Friday, December 2, 2016

DEVOTION: Don't Be A Silly Cat ~ by Karen Rees

Scripture reference: Col 3:12-14

My husband and I had great fun trimming our first Christmas tree with decorations as new and bright as our young marriage. Once finished, we stood with arms around each other admiring the tree that sat in the corner of our living room while our gray cat rubbed against our ankles.

Kitty-cat also liked our tree. She especially enjoyed batting the fragile glass balls that hung from the bottom branches and watching them swing.

After being scolded several times for playing with the ones in the front, she went around behind and batted the balls hanging there. She seemed to reason that if she were in the back, we wouldn't see her disobedience. Silly cat.

At times we find ourselves acting like Kitty-cat. In scripture, God tells us some “glass balls” to leave alone. But playing with them is so much fun.
Gossip is one of the colorful balls we find nearly irresistible. Learning all the intimate details about someone can be so satisfying. It's nearly as satisfying as the thrill of passing the information on.

Another glowing ball is irresponsible spending. We see so many desirable things to buy. We tell ourselves it doesn't matter that we don't actually need the item, that we're already in debt or we're spending money we should be giving to God.

A third forbidden glass ball is pretending to be better than we are. We dismiss our “little” faults while looking down on others when they exhibit similar failings.

The most tempting ball of all is the one the color of immediate happiness. We reason that God wants us to be happy right now! Therefore, whatever gives us happiness NOW must be God's will for us.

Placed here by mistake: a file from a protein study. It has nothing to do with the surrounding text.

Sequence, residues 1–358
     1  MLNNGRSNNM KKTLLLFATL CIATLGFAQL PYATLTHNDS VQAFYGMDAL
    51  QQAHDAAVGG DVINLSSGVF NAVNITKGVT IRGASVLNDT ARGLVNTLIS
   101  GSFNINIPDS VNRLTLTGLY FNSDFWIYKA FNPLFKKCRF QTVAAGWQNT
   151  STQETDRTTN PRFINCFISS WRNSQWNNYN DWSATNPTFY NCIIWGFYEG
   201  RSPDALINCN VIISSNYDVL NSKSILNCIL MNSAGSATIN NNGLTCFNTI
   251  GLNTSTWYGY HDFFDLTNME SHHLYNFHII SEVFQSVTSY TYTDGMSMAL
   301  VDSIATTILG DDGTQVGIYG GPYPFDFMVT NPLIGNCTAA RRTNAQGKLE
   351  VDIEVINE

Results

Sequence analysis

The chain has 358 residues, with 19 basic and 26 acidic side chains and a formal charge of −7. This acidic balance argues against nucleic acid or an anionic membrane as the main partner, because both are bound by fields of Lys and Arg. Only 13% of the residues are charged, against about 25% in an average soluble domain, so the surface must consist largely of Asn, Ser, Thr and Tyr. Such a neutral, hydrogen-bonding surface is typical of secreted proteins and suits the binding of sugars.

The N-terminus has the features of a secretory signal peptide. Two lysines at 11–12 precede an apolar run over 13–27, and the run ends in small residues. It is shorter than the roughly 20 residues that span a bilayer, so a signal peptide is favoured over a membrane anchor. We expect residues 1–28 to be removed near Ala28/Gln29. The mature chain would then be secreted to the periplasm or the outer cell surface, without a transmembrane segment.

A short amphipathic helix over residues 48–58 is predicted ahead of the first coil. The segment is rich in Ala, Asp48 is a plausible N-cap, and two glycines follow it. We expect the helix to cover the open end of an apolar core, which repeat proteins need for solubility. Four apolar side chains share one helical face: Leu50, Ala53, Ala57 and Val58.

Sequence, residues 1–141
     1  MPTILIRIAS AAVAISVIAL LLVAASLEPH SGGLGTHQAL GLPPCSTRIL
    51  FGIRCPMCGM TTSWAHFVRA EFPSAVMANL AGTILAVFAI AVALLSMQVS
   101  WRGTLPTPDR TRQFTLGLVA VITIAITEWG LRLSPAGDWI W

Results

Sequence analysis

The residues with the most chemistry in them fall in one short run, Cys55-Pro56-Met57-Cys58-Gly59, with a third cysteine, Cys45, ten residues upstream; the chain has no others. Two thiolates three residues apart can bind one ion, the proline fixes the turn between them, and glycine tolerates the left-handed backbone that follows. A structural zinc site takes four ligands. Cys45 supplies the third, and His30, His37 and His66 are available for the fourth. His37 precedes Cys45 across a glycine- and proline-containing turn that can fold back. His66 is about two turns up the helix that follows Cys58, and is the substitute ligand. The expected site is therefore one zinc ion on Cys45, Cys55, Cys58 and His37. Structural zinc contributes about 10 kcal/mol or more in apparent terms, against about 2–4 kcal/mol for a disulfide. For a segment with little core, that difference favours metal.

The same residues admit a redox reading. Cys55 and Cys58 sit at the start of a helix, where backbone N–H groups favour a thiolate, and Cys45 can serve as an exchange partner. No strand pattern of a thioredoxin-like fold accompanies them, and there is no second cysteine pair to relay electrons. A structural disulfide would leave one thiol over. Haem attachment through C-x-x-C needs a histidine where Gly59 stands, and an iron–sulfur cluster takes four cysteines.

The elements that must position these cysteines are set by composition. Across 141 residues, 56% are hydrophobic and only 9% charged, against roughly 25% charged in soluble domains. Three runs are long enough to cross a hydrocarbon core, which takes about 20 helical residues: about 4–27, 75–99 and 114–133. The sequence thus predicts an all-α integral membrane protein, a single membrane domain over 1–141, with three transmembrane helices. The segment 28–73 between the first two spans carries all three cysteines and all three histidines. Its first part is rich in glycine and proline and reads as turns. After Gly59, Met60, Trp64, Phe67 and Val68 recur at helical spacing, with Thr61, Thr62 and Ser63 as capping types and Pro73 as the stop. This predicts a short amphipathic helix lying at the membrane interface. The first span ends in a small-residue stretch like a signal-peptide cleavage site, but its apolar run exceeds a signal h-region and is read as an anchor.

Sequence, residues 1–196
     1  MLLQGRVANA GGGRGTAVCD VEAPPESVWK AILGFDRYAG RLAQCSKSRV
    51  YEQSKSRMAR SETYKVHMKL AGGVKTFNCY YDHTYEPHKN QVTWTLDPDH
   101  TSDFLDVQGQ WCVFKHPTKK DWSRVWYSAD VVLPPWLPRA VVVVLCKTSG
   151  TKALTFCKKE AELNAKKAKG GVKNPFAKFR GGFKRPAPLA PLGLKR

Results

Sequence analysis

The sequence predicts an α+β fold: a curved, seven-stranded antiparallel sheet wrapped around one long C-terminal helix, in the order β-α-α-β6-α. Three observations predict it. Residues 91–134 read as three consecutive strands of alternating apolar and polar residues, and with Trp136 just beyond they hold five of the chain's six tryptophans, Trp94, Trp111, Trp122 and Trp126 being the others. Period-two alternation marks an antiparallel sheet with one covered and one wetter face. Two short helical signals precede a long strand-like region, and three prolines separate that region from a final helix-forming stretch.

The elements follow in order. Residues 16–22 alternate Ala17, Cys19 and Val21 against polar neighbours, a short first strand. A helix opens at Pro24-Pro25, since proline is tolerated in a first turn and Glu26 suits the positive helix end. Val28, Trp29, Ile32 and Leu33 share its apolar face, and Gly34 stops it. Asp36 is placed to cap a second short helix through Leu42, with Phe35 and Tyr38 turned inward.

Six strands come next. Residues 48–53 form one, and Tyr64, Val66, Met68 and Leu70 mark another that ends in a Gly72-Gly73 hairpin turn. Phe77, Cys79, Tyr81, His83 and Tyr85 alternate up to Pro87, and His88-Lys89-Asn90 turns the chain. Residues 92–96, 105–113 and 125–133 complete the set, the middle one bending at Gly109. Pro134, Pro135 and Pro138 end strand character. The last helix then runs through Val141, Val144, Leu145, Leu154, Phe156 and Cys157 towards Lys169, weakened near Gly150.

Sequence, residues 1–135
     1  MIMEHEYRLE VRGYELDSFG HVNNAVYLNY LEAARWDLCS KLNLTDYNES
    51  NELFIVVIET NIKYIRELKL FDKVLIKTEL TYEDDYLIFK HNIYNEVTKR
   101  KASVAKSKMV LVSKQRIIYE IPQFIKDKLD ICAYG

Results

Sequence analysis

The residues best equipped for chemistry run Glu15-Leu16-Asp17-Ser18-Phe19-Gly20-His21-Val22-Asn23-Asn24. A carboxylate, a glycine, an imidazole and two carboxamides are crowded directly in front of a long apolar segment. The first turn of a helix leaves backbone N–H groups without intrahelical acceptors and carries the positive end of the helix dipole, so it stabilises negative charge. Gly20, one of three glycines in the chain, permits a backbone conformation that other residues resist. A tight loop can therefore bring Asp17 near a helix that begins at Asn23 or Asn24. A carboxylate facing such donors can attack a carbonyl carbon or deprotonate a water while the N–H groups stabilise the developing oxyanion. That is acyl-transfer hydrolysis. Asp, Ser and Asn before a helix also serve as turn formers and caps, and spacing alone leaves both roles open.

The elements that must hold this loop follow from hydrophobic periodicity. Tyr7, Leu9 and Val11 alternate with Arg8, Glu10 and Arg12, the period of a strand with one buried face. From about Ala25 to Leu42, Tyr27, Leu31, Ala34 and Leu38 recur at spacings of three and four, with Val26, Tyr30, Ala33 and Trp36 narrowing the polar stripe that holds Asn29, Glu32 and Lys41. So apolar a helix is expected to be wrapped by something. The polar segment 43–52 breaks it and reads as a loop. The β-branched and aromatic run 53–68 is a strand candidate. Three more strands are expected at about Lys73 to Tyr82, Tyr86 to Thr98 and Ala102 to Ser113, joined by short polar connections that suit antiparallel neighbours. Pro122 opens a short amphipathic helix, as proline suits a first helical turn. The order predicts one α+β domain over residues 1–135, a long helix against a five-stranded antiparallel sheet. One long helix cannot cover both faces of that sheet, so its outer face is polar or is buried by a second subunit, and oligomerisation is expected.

Since these “pretty balls” do bring us pleasure, why does God spoil our fun by forbidding them? 

A little bit of gossip may seem harmless, but we all know of people who have had good reputations destroyed by little bits of gossip that spread.

God blesses us with money and tells us how to use it to bless others. When we ignore him and impulsively spend more and more on ourselves, we're planting seeds of selfishness and are hurting our relationship with God.

Refusing to admit our own failings not only makes us a poor example for those we love but it will ultimately separate us from God Himself.

Yes, God wants us to be happy. That's why he's prepared heaven for us and why he gave us commands for living. He knows that obedience protects us from danger and brings greater long-term happiness. Any other way of finding happiness is no more lasting than a fragile Christmas decoration.
God sees us even at the back of the tree. So leave the balls alone, dear silly cat.

KAREN REES, with her second-generation missionary husband Benjamin, has served in Hong Kong since 1975. Besides her involvement in the mission work, Karen loves history, quilting and writing. They have two children, Matthew and Megan, and two grand-children, Hadessah and Arthur Aaron.

Her historical fiction novel, The Ruby Ring, was a Finalist Award in the 2014 National Indie Excellence Awards in the Religious Fiction category. It can be purchased in paperback or eBook from and other online bookstores.

Visit Karen on her author page on FacebookWatch her book trailer, The Ruby Ring Trailer.

Thursday, December 1, 2016

A Christmas Without Faith – by Christine Lindsay

With Christmas just around the corner, I’m sharing an excerpt from Christmas 1998 a few months before my birth-daughter Sarah and I were reunited in our Adoption Reunion. This excerpt is from my memoirs just released this 2016, Finding Sarah Finding Me

Because Christmas isn’t easy for everyone, at least not every year.

Excerpt from Finding Sarah Finding Me: